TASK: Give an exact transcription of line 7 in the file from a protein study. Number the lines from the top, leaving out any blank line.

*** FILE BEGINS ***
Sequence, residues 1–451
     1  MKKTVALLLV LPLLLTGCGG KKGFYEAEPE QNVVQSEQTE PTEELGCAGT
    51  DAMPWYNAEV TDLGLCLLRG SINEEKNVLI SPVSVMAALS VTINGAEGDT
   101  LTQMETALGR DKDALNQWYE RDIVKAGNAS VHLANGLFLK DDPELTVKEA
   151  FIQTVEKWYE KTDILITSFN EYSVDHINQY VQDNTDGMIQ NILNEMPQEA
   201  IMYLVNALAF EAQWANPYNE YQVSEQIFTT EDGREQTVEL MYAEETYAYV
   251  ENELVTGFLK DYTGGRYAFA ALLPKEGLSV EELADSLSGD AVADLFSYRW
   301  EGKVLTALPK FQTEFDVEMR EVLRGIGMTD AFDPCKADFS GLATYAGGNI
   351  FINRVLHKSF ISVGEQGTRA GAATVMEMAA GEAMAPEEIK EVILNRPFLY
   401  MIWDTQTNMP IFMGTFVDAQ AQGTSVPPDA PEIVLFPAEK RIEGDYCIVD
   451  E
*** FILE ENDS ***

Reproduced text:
   251  ENELVTGFLK DYTGGRYAFA ALLPKEGLSV EELADSLSGD AVADLFSYRW